I hope that instead of a knee-jerk reaction to protect the status quo, both taxi companies and the Government can see the introduction of Uber here as an opportunity to improve the public transport network ("Uber sets up car rental firm in S'pore to recruit drivers"; last Friday, and "Cabbies cry foul over rival drivers"; last Saturday).
The prohibitively high cost of car ownership in Singapore means that many of us rely heavily on public transport, including taxis.
However, the current taxi services leave much to be desired.
Often, there are plenty of taxis - when you don't need them.
In times of foul weather, or when you are in a remote area, taxis are hard to find, even if you call for one.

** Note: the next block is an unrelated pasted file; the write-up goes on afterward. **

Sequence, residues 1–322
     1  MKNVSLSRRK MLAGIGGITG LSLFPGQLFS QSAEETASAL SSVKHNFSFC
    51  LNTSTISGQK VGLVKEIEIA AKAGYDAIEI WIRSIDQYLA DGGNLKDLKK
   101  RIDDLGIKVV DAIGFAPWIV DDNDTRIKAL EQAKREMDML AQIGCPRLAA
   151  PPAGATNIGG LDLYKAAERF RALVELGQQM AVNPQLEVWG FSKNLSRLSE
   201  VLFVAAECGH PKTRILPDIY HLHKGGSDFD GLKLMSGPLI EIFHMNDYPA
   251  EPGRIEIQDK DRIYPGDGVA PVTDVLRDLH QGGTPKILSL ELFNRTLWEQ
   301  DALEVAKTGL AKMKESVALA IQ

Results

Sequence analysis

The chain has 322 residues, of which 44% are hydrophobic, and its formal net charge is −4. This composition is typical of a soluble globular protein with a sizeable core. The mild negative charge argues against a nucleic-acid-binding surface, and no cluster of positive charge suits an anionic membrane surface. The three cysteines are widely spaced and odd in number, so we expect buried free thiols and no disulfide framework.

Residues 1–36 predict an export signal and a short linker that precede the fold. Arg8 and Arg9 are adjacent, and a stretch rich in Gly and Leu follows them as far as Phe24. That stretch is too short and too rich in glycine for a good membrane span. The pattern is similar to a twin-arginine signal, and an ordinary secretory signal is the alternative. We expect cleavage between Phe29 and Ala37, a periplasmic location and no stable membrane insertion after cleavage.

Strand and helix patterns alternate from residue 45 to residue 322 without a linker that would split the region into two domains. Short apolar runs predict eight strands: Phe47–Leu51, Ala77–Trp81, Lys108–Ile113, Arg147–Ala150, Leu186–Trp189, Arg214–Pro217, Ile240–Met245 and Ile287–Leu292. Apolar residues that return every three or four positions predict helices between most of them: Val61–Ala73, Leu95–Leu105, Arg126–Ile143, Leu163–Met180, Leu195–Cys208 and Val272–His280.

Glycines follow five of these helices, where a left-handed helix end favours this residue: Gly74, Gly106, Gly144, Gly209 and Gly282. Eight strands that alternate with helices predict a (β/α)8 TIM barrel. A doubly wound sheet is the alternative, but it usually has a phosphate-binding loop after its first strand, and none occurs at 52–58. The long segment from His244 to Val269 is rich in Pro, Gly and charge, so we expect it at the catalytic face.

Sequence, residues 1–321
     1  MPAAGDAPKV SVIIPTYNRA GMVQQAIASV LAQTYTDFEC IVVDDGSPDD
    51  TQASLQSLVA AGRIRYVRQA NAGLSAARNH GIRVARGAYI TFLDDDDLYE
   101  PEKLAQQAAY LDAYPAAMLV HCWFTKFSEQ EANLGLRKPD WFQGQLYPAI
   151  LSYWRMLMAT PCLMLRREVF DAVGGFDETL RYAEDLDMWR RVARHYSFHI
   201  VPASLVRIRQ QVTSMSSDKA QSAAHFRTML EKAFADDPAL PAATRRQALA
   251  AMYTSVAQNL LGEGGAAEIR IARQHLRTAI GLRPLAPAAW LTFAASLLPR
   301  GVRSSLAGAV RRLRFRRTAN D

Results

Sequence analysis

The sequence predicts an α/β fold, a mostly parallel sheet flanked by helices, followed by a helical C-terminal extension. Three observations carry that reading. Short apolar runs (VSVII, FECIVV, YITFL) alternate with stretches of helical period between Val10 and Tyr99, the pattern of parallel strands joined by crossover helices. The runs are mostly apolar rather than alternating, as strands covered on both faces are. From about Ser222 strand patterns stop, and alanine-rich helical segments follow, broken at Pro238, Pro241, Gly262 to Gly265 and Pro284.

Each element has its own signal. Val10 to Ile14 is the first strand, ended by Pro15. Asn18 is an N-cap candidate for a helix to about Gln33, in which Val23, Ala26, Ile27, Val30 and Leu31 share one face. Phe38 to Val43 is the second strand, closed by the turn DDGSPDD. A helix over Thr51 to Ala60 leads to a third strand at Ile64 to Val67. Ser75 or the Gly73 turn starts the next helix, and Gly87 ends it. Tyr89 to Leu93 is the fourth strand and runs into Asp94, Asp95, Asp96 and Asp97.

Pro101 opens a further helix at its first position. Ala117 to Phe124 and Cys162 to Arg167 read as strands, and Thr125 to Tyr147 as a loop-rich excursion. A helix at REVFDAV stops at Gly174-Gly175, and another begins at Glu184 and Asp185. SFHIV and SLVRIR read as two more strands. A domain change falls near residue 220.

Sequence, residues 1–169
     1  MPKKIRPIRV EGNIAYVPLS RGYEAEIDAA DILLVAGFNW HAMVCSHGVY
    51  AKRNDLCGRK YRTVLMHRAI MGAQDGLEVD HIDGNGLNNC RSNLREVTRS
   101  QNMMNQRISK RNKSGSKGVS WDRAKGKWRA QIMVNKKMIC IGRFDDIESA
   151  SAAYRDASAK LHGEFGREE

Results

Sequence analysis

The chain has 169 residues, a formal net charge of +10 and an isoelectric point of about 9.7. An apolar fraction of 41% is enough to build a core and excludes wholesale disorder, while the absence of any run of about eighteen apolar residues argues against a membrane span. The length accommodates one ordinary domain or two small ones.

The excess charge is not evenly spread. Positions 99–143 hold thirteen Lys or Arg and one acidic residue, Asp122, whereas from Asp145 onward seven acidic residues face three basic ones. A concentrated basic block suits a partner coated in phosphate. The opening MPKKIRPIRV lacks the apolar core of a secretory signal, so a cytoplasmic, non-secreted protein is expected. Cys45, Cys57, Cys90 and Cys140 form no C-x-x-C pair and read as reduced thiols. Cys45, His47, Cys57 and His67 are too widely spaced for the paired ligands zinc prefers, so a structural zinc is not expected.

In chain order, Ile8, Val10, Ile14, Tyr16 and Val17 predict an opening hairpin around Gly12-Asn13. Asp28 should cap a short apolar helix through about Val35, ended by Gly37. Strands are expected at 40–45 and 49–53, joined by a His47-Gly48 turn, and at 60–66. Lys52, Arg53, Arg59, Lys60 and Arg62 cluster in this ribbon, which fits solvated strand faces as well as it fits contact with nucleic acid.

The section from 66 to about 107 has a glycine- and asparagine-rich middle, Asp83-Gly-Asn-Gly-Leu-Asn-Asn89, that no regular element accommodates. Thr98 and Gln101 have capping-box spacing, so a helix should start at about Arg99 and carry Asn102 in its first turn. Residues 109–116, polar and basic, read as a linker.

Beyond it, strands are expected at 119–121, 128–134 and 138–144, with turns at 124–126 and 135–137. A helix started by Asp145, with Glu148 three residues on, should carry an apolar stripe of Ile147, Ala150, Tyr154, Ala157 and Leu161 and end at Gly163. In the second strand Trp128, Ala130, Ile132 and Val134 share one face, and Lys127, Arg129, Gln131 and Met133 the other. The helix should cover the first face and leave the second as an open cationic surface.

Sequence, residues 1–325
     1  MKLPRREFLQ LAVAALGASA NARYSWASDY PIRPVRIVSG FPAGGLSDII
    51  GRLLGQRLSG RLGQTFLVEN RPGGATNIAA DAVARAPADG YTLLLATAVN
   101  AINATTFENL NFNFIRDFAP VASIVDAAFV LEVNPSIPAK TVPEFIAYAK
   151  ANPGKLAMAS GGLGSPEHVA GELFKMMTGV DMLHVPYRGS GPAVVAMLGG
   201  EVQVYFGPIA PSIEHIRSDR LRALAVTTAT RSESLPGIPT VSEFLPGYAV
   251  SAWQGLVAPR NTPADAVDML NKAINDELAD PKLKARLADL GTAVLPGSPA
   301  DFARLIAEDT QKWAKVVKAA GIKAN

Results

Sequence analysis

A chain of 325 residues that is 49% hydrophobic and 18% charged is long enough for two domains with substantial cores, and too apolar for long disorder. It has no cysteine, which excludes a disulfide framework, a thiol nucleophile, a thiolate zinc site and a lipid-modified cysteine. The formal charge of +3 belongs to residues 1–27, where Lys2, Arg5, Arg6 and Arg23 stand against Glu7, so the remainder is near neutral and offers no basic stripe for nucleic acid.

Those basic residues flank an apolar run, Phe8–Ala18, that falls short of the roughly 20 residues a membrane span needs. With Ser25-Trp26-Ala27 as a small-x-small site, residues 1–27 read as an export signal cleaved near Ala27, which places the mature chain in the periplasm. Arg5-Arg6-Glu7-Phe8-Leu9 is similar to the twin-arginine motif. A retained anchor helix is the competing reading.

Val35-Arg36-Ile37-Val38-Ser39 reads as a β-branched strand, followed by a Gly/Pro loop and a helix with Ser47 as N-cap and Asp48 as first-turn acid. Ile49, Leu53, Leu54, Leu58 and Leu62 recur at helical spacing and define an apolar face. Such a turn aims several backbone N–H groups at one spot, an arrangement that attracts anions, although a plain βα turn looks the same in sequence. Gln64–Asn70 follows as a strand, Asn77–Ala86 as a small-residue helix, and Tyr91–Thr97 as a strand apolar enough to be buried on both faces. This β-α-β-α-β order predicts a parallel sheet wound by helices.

Taxi fares should also be cheaper, given that this is an essential service.
But companies are driven by profit, and when they are in a dominant market position, there is no incentive for them to improve service or lower fares.
Only more competition, with out-of-the-box thinking, can achieve this.
Hopefully, taxi companies can take a leaf out of the newcomer's book, and reflect on where they can innovate and improve.
Government regulations to ensure passenger safety are paramount, but that is no excuse to curb a potentially healthy and encouraging development.
This is a great opportunity to take a hard look at the current market, and provide Singaporeans and people coming here with a better public transport system.
Edgar Ji Wei
This article was first published on June 04, 2015.
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